Students arrive every day to Dawson and make choices, hundreds of them throughout the day. The good choices are celebrated and the not-so-great choices, ones all students will eventually make, sometimes end up at my door. When I talk with students, I start with questions such as, “Are you okay? Is the other student okay? What happened? What happened before that?” But usually, the most important question that needs to be addressed is, what is going on with this student that is resulting in these choices? What is happening in our Dawson community, or the larger community, that might impact our culture and students’ choices? This can include changes at home, their best friend is sick and they don’t have anyone with whom to play, their sibling left for boarding school, mom left for a business trip, another family member lost their job, the political climate, social media conflicts, or maybe a local or world trauma event. Kids don’t make bad choices for no reason; there’s almost always a catalyst. Part of my job is to find out the ‘why’ of what happened, and coach students to reflect upon the event and move forward with a better understanding of themselves and the impact they caused. I recently read an article illustrating the importance of thinking about the other student’s perspective. https://www.washingtonpost.com/news/answer-sheet/wp/2014/11/14/teacher-to-parents-about-that-kid-the-one-who-hits-disrupts-and-influences-your-kid/?utm_term=.4557ba22222e
When messages are delivered with regard to student conflict, a family might feel sad, frustrated, angry, or scared. It can be upsetting to not hear what happened to the other child or how the family on the other end responded. However, it’s important to know issues will happen: Kids will disagree and sometimes use their hands instead of their words. But two important aspects of these interactions are how they are handled and what is learned from such situations. For those whom have been an ongoing part of the Dawson community, they already know this procedure and, most importantly, trust this procedure. When students walk through our doors, they know the boundaries. Although some may occasionally push them, this is typical for their development and necessary in order to build resilience, leadership skills, empathy, and space to make their own decisions. When their decisions aren’t the best, students are surrounded by their Dawson family to help them reflect, offer support as they learn to navigate conflicts, and brainstorm choices that can help result in positive outcomes.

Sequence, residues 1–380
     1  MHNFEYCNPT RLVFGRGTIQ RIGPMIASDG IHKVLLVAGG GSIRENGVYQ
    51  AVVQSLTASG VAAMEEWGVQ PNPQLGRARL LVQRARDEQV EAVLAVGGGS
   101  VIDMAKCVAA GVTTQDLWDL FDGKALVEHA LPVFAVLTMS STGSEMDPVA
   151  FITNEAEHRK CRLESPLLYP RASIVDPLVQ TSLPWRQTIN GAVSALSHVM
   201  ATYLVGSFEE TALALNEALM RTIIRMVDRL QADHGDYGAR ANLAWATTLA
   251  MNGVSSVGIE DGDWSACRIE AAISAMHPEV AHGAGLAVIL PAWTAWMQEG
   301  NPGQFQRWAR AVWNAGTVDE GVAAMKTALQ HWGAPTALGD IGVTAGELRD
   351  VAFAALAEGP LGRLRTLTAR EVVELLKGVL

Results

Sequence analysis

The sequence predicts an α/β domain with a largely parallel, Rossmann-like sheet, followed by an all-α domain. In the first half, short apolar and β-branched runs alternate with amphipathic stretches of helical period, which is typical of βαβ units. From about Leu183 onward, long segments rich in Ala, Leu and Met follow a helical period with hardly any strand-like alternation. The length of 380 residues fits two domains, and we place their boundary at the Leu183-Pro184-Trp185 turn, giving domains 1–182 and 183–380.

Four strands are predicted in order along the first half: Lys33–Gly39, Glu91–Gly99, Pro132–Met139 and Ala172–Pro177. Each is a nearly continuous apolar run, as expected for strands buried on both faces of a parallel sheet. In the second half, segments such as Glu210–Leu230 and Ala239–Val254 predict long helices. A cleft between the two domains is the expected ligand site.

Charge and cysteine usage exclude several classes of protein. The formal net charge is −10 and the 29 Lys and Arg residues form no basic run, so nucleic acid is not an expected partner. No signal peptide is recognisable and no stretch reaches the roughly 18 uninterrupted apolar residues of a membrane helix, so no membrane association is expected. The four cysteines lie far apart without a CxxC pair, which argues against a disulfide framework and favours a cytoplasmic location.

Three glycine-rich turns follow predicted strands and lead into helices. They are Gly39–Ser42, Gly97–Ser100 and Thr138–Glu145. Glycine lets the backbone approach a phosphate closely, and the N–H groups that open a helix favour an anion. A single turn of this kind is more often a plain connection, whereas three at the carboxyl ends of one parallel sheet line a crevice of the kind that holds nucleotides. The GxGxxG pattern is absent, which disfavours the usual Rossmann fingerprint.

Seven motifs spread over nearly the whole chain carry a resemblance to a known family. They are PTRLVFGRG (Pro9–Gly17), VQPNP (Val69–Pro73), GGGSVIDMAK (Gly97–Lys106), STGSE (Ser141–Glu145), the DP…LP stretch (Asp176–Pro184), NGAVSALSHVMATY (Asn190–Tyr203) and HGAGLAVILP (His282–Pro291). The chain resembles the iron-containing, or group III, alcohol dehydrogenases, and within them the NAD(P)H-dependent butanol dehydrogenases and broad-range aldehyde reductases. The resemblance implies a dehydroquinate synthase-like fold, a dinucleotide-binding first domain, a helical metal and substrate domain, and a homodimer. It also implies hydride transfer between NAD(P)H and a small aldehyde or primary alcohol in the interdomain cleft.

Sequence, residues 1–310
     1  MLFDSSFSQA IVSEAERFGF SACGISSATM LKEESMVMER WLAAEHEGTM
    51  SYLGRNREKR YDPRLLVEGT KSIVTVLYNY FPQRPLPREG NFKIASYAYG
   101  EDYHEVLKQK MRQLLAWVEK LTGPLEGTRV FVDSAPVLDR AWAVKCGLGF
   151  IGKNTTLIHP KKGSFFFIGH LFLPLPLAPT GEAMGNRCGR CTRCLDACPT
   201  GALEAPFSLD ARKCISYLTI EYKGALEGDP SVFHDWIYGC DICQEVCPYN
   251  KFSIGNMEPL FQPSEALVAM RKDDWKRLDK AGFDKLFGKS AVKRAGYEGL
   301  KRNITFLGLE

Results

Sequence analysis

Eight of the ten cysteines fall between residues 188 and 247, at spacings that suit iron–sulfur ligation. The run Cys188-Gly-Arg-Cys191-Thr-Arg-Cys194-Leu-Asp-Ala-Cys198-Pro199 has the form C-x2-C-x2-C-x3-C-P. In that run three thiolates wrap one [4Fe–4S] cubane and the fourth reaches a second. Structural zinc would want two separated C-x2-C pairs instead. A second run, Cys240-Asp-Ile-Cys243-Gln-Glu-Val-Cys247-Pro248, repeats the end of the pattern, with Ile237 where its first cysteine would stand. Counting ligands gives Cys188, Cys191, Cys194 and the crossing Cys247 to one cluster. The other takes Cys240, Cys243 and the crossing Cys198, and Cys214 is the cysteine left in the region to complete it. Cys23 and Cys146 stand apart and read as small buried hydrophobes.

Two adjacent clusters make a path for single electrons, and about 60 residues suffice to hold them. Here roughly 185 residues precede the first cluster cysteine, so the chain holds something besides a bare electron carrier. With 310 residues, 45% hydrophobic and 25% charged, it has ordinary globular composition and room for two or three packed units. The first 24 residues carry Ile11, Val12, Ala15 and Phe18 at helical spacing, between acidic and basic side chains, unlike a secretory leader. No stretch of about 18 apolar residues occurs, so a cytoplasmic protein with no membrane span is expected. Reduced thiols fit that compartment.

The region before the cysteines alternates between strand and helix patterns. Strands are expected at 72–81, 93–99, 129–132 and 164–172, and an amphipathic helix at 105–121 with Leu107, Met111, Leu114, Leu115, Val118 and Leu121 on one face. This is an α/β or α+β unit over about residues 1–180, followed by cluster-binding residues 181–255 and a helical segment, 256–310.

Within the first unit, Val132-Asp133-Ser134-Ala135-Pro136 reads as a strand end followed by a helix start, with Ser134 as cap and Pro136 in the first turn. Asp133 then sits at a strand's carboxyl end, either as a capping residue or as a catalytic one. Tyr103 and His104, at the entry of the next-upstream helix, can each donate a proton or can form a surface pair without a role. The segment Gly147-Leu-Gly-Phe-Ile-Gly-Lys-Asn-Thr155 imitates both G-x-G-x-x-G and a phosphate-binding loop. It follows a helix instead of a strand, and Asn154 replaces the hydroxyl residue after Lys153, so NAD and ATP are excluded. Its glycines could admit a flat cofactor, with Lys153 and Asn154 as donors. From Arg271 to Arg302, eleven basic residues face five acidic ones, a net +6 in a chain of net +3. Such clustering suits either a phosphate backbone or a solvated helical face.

When you drop your child off at Dawson, you are expecting them to learn, have fun, and grow both academically and socially. One of our Core Beliefs is, “Dawson graduates are complex problem solvers and collaborators; empathetic, flexible, and innovative; and critical thinkers who develop into resilient lifelong learners and leaders.” Resilience and empathy take practice and sometimes end with many failed attempts at problems, relationships and decisions. We don’t rescue kids here; instead, we surround them with people who are ready to help them reflect, set goals, and practice skills. Families have different parenting styles and kids are each going through things about which we may not be aware. One common thread is how our Mission drives what we all do when we walk on campus: We are a strong community of people who arrive each day ready to learn about and from one another. If and when you receive a phone call from the dean about your child or another student’s behavior, please remember the person on the other line cares about your family and wants your child to succeed, not only here at Dawson, but as a lifelong learner and leader.
Part of preparing students for the future is allowing them the opportunities to interact and collaborate with all different types of students and people. Technology has given us access to working with and learning from people who look different, think different, speak a different language, have opposing values to us, and have different work and communication styles. Exposing students to different ideas and people when they are younger will only prepare them to be more successful throughout life. But this can come at a price: conflict or misunderstanding. Instead of viewing conflict as, “the other child did something wrong”, try to look at it as, “How can I make sure my child has the necessary tools to seek understanding, voice their opinion, stand up for others, laugh at themselves and have an open mindset?” Asking questions about their interactions and group work or friendships can help point out skills that will benefit them as they grow older. What is valued within your friends? Why do you think you and your best friend get along so well? Who did you work with today and what did you learn from them? What did you learn about yourself? With whom do you not prefer to work? Why? The focus of the questions are reflection, not blame. Reflection breeds growth; blaming impedes growth.
Parenting in this age is unbelievably challenging and it sounds ridiculous to hear someone say, “Your child is supposed to mess up or that was a bad choice, but it’s actually developmentally appropriate.” But these K-8 years are the years to push boundaries, find out who they are, learn from others, take risks, make mistakes and fail. If all students left Dawson with no failures or no conflict with other students, then we all have failed.
By Meg Aumann
Dean of Student Life & Diversity
The Alexander Dawson School